If you’re out early on Monday look for the First Quarter Moon. It officially arrives Monday morning at 8:33 a.m.
July is a good month for meteor watching. Both the Southern Delta Aquariid and Perseid meteor showers are active in late July. While the latter peaks in August the former is expected to peak on Wednesday morning. The Southern Delta Aquariid meteor shower is caused by debris from Comet 96P/Machholz. During a good year you can see up to around 20 meteors per hour but the moon is brightening up so it’ll wash out some of the fainter ones. Look for the radiant in the south to southwestern sky below the “Great Square of Pegasus” before dawn. As always, the farther you can get away from the city the better chance you have of seeing a shooting star.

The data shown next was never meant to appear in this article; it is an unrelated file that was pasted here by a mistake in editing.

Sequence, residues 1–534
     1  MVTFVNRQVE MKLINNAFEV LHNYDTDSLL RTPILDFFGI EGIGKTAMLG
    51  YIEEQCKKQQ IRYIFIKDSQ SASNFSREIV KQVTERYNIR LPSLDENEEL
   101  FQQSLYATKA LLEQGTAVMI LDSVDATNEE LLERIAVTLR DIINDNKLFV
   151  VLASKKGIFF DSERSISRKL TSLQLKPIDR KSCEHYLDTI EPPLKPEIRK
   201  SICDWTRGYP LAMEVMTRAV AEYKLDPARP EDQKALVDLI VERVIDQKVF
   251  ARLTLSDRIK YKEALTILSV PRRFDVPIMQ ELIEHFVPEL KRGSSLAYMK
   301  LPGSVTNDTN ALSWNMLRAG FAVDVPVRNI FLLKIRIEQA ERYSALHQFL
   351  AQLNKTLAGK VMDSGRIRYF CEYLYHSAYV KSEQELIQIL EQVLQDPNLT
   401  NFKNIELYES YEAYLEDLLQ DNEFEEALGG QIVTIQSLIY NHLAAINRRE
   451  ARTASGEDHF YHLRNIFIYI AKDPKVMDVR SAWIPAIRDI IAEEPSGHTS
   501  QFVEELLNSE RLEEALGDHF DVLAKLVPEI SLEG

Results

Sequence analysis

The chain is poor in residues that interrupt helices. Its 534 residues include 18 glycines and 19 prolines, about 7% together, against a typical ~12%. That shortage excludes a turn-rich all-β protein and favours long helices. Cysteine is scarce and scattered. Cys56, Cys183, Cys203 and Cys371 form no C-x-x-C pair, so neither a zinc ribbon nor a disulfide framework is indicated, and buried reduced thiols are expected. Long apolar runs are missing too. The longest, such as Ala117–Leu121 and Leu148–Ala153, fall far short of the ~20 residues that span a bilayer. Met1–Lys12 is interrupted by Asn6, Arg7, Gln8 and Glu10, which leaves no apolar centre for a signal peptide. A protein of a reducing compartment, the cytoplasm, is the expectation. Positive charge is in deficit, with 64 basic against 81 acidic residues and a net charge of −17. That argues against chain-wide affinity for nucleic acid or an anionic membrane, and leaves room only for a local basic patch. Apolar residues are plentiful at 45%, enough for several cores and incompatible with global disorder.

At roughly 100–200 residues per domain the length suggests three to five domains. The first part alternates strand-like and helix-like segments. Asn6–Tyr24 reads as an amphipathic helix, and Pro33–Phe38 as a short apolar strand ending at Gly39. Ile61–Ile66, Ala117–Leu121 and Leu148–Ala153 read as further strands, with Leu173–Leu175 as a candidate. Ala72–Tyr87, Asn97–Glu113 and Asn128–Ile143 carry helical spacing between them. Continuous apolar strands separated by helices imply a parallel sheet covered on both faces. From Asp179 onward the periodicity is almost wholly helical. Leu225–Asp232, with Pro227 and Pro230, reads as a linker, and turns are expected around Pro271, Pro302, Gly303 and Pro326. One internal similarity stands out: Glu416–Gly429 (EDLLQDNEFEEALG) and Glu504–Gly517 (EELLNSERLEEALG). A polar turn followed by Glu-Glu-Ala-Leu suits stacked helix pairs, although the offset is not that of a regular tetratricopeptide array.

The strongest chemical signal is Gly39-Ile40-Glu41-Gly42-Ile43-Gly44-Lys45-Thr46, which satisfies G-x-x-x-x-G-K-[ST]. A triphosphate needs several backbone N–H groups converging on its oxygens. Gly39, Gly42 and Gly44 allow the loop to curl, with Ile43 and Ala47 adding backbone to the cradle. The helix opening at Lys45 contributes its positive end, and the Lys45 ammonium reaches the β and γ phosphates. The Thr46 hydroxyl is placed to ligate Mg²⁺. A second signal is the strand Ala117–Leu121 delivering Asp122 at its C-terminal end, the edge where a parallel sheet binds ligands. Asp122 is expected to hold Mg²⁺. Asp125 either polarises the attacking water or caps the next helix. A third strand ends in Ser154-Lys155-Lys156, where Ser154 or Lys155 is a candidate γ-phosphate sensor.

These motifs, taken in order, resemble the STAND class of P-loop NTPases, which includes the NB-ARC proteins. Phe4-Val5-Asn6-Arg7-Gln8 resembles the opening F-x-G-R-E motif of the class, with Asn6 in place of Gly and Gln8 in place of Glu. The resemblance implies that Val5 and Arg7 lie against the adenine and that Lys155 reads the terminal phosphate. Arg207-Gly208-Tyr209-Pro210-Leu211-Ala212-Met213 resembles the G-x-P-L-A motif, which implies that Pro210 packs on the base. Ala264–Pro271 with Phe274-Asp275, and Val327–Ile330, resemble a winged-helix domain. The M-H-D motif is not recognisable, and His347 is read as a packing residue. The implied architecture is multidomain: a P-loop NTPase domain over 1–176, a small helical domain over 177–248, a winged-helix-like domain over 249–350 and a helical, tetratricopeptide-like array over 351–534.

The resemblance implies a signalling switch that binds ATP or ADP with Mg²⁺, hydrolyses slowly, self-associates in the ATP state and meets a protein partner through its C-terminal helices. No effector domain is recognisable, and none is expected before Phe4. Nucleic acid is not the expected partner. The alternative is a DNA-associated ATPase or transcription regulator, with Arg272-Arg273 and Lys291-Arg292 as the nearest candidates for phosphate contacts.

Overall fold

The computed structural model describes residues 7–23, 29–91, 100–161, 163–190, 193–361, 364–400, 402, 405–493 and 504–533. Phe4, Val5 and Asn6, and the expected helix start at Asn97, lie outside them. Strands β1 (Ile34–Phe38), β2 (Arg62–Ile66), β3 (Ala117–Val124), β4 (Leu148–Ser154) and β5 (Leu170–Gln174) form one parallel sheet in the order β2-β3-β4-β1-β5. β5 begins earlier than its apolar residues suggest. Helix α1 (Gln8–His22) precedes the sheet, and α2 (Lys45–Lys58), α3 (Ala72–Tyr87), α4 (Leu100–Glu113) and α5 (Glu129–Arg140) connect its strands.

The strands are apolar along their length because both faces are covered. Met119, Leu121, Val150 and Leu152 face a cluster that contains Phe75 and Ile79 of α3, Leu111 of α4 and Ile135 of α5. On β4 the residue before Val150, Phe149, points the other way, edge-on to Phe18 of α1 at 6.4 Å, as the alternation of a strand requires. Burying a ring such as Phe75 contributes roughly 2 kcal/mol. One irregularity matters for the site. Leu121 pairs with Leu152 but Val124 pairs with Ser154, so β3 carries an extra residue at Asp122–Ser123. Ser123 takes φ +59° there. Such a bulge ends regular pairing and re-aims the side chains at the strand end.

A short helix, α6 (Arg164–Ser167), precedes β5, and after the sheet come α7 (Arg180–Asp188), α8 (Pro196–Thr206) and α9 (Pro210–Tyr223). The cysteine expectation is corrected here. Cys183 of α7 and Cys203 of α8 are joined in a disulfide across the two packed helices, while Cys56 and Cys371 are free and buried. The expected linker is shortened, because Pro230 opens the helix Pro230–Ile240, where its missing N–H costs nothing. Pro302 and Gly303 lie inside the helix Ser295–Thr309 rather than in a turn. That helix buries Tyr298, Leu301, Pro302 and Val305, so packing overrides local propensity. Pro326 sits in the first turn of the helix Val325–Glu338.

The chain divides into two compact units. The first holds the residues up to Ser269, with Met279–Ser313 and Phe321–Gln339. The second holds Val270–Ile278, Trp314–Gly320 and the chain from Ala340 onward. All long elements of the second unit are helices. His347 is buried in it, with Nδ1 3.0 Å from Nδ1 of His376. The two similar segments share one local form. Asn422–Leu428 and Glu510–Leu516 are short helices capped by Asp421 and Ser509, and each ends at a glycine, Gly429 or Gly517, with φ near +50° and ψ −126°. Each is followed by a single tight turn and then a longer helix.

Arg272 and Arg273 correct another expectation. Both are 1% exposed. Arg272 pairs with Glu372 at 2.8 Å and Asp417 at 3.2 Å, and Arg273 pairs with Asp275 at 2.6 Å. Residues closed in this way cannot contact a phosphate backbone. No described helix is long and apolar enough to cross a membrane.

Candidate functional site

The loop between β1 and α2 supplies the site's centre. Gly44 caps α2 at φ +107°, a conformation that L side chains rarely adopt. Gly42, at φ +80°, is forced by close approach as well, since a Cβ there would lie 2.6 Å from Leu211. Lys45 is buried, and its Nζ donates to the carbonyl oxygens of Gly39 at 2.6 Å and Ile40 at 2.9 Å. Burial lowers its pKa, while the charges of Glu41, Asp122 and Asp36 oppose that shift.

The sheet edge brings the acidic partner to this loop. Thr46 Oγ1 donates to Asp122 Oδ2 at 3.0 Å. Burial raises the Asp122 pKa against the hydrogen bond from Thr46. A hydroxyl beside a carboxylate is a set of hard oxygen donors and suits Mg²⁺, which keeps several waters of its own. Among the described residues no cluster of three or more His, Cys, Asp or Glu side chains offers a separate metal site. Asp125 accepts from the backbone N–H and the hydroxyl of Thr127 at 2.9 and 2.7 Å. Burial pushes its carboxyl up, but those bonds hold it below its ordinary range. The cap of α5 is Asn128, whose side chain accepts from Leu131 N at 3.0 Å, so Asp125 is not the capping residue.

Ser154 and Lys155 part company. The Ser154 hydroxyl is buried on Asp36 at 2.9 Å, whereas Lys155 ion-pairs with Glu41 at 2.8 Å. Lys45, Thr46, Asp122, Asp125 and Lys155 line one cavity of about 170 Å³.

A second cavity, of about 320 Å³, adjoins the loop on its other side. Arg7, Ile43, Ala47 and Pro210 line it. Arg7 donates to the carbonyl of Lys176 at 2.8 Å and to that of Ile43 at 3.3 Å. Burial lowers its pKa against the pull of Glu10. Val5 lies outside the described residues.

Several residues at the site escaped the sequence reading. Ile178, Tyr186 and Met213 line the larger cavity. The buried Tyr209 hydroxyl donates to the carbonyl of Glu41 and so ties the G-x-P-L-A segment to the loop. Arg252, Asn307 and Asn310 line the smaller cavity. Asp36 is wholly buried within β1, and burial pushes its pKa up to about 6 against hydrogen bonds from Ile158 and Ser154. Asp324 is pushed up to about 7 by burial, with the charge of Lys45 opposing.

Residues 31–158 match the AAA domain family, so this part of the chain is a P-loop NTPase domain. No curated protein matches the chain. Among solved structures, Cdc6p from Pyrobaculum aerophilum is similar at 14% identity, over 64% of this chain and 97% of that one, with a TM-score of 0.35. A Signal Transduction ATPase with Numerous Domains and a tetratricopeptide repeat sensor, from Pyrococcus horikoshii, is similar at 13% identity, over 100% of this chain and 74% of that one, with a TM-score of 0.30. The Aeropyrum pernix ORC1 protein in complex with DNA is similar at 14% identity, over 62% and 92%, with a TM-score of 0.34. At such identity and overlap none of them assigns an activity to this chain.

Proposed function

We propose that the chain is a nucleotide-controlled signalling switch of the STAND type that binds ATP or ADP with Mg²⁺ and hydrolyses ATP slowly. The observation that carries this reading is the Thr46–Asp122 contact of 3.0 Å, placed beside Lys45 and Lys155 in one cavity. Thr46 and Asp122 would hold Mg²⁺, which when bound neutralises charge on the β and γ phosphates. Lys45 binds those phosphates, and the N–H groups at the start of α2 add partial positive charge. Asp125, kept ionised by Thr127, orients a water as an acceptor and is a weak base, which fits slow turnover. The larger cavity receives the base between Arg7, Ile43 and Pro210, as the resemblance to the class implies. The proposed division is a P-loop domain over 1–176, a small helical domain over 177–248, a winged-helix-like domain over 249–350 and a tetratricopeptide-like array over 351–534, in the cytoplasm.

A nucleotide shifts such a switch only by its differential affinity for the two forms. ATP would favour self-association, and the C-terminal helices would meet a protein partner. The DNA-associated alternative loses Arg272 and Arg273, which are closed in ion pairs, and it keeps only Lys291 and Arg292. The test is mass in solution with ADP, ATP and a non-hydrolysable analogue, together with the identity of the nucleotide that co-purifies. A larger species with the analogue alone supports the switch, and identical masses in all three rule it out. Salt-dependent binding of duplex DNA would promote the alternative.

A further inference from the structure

Late in the week we welcome an old friend in the eastern sky. Orion is typically a winter constellation but it’s visible in the morning sky before dawn in the east. Look just above and left of Orion’s belt and you’ll see what appears to be a bright star. That’s actually Venus.
Speaking of planets, on Friday night you can find the two biggest in the solar system. Look for a waxing gibbous moon and to the left of it will hang Jupiter then Saturn. Jupiter will be the brighter of the two. Happy hunting!